In this course, we will implement a 3-tier web application topology using one (1) NGINX load-balancer, two (2) application nodes running Apache2 and Python, one (1) MySQL database server, and one (1) control machine for running Ansible. If you want to follow along, you can setup an environment that fits these requirements:
- Access to a control machine that can run Ansible
- Servers running Ubuntu Trusty (14.04) - 5 in total
- SSH keypair trusts from the control machine to all other nodes (so no password is required to login via ssh)
- Access via a user that has superuser (sudo) privileges on the end hosts
In the Appendix (Lecture 55), I provide details on the docker setup that I use throughout the course.
In the materials below, is a Vagrantfile that can be used to create a similar vagrant setup. Rename "Vagrantfile.txt" to "Vagrantfile" and read the "README" comments inside of the file to get started.
We need to populate an inventory file so that Ansible can reach our environment hosts. Rather than populate the default location on the control machine, we can create a simple file in our local repository and tell Ansible to use it, by default. In this lecture, we will:
- Configure a local inventory file with hostnames and groups (dev)
- Configure a local config file to use the new inventory file by default (ansible.cfg)
Running ad-hoc Ansible commands are great for troubleshooting and discovery, but the real power of Ansible is in coding those tasks into playbooks that you can save and run, as needed. In this lecture, we will:
- Group tasks for a common set of hosts together into plays.
- Create our first playbook (hostname.yml) to encode the command task into an Ansible YAML file.
With our playbook written, it's time to execute it and review the output. In this lecture, we will:
- Execute the hostname.yml playbook against hosts using the ansible-playbook command.
- Review the output of the ansible-playbook command.
Now that you understand the framework for encoding tasks and executing playbooks, we will start building up our application environment. For every task, we'll find a relevant module and add the necessary parameters to our playbooks. You can browse the module documentation if you're looking for the right module or parameters to fit your needs.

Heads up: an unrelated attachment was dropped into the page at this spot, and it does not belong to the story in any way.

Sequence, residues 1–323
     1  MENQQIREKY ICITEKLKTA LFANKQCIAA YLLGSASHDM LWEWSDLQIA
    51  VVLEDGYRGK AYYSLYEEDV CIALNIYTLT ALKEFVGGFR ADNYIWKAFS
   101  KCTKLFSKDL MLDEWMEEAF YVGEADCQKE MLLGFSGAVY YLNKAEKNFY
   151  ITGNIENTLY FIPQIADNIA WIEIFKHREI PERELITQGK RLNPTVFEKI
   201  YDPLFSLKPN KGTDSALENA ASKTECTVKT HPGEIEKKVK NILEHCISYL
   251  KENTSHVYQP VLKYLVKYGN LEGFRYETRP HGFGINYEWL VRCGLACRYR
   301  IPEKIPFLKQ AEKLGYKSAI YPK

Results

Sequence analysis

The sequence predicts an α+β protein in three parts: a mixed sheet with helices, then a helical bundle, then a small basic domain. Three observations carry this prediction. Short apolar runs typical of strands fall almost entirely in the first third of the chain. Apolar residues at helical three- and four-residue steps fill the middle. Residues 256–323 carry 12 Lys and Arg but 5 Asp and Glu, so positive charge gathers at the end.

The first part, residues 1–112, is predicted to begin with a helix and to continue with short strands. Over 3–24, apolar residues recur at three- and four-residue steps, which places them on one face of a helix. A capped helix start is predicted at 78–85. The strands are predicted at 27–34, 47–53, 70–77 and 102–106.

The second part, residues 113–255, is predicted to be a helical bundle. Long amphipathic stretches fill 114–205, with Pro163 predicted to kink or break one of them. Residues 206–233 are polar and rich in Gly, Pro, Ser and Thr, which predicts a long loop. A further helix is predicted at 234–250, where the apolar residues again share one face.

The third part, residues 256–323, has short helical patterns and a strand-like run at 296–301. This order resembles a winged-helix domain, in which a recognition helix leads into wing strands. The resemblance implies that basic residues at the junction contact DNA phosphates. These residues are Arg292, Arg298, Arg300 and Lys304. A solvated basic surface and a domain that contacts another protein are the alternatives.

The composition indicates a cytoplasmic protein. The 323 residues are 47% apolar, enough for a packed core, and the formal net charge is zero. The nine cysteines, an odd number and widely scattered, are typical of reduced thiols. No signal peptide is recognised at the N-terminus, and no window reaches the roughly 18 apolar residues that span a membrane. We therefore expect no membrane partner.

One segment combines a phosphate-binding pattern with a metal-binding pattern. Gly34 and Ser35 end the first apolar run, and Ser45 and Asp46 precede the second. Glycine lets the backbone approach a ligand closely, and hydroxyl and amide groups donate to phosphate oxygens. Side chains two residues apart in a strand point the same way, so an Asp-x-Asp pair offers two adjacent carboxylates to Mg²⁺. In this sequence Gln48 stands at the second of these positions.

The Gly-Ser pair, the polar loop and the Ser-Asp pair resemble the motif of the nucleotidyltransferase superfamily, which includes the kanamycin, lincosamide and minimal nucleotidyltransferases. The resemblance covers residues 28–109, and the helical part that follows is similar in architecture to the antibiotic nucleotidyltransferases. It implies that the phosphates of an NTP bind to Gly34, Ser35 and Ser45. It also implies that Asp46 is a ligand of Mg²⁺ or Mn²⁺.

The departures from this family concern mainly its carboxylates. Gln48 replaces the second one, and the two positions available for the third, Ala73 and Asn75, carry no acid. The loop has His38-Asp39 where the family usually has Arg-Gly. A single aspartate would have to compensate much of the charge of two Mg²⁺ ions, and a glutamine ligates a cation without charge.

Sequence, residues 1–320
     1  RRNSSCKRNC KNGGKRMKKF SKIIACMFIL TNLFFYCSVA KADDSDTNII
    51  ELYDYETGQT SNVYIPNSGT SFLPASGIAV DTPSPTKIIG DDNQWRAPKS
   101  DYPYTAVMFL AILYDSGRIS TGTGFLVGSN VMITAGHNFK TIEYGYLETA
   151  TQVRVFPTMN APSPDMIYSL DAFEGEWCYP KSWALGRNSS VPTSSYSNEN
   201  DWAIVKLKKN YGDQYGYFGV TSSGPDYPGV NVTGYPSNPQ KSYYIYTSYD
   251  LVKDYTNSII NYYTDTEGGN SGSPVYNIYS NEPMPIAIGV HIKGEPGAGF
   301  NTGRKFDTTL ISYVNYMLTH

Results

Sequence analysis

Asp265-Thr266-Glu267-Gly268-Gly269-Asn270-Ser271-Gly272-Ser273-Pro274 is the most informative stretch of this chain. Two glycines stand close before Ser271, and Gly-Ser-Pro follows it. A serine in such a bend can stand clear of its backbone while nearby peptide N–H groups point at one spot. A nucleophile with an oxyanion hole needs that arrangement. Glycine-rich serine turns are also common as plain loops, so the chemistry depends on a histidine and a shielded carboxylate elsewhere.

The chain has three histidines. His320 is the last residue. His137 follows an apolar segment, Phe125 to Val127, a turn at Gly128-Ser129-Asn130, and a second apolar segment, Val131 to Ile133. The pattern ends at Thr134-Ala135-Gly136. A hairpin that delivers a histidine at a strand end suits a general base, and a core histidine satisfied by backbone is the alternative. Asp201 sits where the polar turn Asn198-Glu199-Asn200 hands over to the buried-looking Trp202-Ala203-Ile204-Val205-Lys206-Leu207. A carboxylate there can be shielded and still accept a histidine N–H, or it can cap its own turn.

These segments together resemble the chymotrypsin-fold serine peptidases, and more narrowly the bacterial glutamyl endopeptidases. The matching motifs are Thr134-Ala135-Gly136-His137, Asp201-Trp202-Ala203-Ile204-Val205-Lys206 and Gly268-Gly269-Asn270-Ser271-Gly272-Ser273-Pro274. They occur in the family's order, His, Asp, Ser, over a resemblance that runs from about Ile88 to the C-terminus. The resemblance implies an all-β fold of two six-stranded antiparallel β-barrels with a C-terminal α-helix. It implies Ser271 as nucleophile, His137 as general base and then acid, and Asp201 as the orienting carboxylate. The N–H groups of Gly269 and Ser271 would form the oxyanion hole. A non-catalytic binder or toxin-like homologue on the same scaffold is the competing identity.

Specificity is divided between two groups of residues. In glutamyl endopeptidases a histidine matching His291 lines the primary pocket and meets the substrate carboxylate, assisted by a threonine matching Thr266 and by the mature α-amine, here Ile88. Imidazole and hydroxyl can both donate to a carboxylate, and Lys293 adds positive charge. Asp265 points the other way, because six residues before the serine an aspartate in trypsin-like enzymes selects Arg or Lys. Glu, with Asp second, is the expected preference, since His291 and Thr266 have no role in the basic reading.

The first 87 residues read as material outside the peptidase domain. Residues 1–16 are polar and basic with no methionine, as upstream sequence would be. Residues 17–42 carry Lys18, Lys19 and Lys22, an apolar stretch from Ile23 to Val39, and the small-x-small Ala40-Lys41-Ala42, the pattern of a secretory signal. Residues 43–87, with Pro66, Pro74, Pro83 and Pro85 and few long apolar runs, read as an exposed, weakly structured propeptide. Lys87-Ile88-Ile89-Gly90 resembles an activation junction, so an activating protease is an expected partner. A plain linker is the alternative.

We start our configuration with installing the necessary packages for each tier. In this lecture, we will:
- Install packages with the apt module
- Set package installed state using one of: present, latest, absent.
- Ensure the apt cache is updated before package installation with update_cache=yes
While executing Ansible tasks, you may run into "permission denied" errors. This generally means the task you're executing requires some sort of superuser or sudo privilege. In this lecture, we will:
- Enable privilege escalation in Ansible with become/sudo at the play level. This will resolve "permission denied" errors on the end hosts where superuser privileges are required.
- Execute the configuration playbooks to apply the package installation changes on the load-balancer and database hosts.
For the webserver hosts, we need to install multiple packages via apt. Rather than create four individual apt tasks, we'll learn about a new Ansible feature: loops using with_items. In this lecture, we will:
- Loop through a task multiple times by providing a list of inputs using with_items
- Install multiple packages with a single task on the webserver hosts using with_items
- Extend the stack status playbook to perform http requests against the application using the uri module.
- Save the contents of the HTTP request using the register module
- Check the contents of a variable and conditionally cause a failure using the when and fail modules.
- Execute a shell command on a target host with the shell module.
- Capture the output of a shell command with the register module.
- Loop through the items in a registered array variable using with_items.
- Conditionally perform an action on the target host using when.